Göran Marby, ICANN President and CEO, Akram Atallah, John Jeffrey, Elena Plexida, Theresa Swinehart and Board member Maarten Botterman, met yesterday in Brussels, with the Article 29 Working Party (WP29) Technology Subgroup and representatives of the Directorate-General for Communications Networks, Content & Technology and Directorate-General for Justice and Consumers.
This meeting was in follow-up to the Article 29 Working Party 11 April letter.
ICANN shared with them additional details on the ICANN org’s work with the community to develop an interim compliance model. Instead of finding a permanent solution to the whois/GDPR problem ICANN has spend months trying to negotiate an interim model and is just stalling.
ICANN reiterated ICANN‘s mission and how it relates to the purposes of WHOIS defined in the model. The Bylaws (Section 1.2) require ICANN to perform its mission “for the benefit of the Internet community as a whole;” and that ICANN must take into account that WHOIS, “meets the legitimate needs of law enforcement, promoting consumer trust and safeguarding registrant data.” (Section 4.6 (e)(ii)).
During the meeting ICANN hand-delivered communications received from the Business Constituency [PDF, 108 KB], Intellectual Property Constituency [PDF, 137 KB], International Trademark Association [PDF, 202 KB], Non-Commercial Stakeholders Group [PDF, 179 KB], and the U.S. Government [PDF, 259 KB].
They also provided the following materials:
- A chart [XLSX, 14 KB] comparing ICANN‘s Proposed Interim Model [PDF, 922 KB] with input received from WP29 [PDF, 400 KB], the International Working Group on Data Protection in Telecommunications (IWGDPT, a.k.a. “Berlin Group”) and the GAC [PDF, 232 KB];
- A proposed timeline [PDF, 33 KB] for implementing the interim compliance model;
- And a technical paper [PDF, 1.85 MB] outlining how WHOIS works.
ICANN reiterated to the WP29 that they are committed to compliance with the law and that they, along with the community and ICANN‘s 2,500 contracted parties, still need additional time for implementation. Also, without further guidance from the data protection authorities (DPAs) on a working model, it is difficult to retain a single approach to a GDPR compliant WHOIS system. During the discussion regarding the timeline, the DPAs requested information regarding the implementation of anonymized email addresses in WHOIS contact information. ICANN claims that it is clear from the meeting that registrant, administrative, and technical contact email addresses must be anonymized.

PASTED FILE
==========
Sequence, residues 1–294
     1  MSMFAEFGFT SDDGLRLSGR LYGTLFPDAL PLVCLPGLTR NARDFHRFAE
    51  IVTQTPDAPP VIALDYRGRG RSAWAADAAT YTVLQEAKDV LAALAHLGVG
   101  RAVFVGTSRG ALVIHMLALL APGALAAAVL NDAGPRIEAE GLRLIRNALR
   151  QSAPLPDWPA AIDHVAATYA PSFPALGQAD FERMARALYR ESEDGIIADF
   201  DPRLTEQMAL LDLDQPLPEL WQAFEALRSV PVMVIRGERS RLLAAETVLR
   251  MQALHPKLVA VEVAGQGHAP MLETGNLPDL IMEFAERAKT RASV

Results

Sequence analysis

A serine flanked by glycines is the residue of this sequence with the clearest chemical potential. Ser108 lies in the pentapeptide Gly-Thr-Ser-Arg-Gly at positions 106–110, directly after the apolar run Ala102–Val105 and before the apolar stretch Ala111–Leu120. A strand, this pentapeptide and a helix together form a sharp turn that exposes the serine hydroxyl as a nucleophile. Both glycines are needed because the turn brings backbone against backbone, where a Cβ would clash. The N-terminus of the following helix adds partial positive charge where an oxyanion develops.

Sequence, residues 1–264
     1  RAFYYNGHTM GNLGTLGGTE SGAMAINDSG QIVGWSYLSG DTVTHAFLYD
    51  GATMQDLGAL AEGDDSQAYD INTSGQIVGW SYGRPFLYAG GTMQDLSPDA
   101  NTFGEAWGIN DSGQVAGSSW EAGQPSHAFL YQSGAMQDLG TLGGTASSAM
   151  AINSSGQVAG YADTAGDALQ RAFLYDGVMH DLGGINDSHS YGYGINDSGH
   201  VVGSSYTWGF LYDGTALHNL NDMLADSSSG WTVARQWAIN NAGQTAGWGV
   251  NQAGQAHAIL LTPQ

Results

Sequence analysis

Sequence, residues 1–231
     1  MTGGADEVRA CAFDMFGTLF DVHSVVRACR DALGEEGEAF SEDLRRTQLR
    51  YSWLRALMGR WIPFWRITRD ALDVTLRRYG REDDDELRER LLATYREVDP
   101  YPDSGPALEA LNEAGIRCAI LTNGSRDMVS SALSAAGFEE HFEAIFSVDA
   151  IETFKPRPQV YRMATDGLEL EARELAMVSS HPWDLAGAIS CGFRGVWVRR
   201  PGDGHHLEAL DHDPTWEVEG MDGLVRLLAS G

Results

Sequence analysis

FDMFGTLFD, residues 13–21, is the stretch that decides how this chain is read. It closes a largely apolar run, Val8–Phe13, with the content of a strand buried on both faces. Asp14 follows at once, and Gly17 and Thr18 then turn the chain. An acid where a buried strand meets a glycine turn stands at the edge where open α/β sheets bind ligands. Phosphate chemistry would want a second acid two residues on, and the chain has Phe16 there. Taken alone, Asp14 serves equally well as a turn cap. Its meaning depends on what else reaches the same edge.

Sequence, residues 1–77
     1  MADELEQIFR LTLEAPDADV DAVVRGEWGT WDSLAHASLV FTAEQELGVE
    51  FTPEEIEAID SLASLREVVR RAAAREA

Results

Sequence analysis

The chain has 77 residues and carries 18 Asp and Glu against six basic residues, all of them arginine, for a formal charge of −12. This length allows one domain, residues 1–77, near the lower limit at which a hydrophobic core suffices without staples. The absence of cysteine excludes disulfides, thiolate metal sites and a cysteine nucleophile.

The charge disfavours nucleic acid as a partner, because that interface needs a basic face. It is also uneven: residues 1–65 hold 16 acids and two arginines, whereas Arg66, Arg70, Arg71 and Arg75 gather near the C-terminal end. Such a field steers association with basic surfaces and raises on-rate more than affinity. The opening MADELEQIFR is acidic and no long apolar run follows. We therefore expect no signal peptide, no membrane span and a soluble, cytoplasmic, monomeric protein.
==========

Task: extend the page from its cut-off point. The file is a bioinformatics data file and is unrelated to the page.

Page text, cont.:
ICANN also shared some further thinking on the accreditation model and will provide them with a more detailed version based on their input during the meeting. This information will also be shared with the community.
ICANN appreciates the feedback received during the meeting. From the discussions, all agreed that there are still open questions remaining, and that ICANN will provide a letter seeking additional clarifying advice to better understand the plan of action to come into compliance with the law. ICANN also understands that the community may have opinions regarding the clarifications or interpretations of the law provided by the DPAs. All of this information is needed for the ICANN org and community to move forward, so that ICANN can continue to establish the necessary milestones for compliance, and ultimately implement a model that is fully compliant with the law.
You can follow the latest updates on our Data Protection/Privacy Issues page including the updates to the FAQs [PDF, 76 KB]. ICANN welcomes the community’s input and invite you to email your thoughts to email@example.com.
This mumbo jumbo by ICANN means one thing: WHOIS fragmentation for a full year. Imagine the issues that will arise from such an anarchy in the public information of domain ownership.
When bureaucracy meets bureaucracy, it’s like 2 stags, antlers interlocked, jointly falling off a cliff.
Or all those bureaucrats like gnats, snagged in a web of each other’s red tape.